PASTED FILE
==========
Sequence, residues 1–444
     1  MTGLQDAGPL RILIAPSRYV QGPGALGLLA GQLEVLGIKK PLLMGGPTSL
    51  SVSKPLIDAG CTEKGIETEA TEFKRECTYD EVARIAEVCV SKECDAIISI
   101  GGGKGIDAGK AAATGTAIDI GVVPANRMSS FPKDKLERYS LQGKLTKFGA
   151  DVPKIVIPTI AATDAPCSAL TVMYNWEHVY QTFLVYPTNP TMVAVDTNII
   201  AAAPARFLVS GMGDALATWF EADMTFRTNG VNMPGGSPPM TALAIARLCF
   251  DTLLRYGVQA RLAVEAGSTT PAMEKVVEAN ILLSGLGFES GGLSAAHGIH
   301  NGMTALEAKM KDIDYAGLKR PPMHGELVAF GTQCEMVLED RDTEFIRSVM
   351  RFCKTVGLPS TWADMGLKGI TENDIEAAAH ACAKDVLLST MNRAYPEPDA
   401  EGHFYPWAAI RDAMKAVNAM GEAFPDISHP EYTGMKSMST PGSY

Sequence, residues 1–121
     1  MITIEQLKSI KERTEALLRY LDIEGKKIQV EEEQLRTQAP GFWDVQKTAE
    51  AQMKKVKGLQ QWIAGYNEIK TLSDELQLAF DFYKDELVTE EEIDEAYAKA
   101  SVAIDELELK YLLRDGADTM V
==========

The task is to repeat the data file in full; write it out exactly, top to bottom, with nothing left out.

Sequence, residues 1–444
     1  MTGLQDAGPL RILIAPSRYV QGPGALGLLA GQLEVLGIKK PLLMGGPTSL
    51  SVSKPLIDAG CTEKGIETEA TEFKRECTYD EVARIAEVCV SKECDAIISI
   101  GGGKGIDAGK AAATGTAIDI GVVPANRMSS FPKDKLERYS LQGKLTKFGA
   151  DVPKIVIPTI AATDAPCSAL TVMYNWEHVY QTFLVYPTNP TMVAVDTNII
   201  AAAPARFLVS GMGDALATWF EADMTFRTNG VNMPGGSPPM TALAIARLCF
   251  DTLLRYGVQA RLAVEAGSTT PAMEKVVEAN ILLSGLGFES GGLSAAHGIH
   301  NGMTALEAKM KDIDYAGLKR PPMHGELVAF GTQCEMVLED RDTEFIRSVM
   351  RFCKTVGLPS TWADMGLKGI TENDIEAAAH ACAKDVLLST MNRAYPEPDA
   401  EGHFYPWAAI RDAMKAVNAM GEAFPDISHP EYTGMKSMST PGSY

Sequence, residues 1–121
     1  MITIEQLKSI KERTEALLRY LDIEGKKIQV EEEQLRTQAP GFWDVQKTAE
    51  AQMKKVKGLQ QWIAGYNEIK TLSDELQLAF DFYKDELVTE EEIDEAYAKA
   101  SVAIDELELK YLLRDGADTM V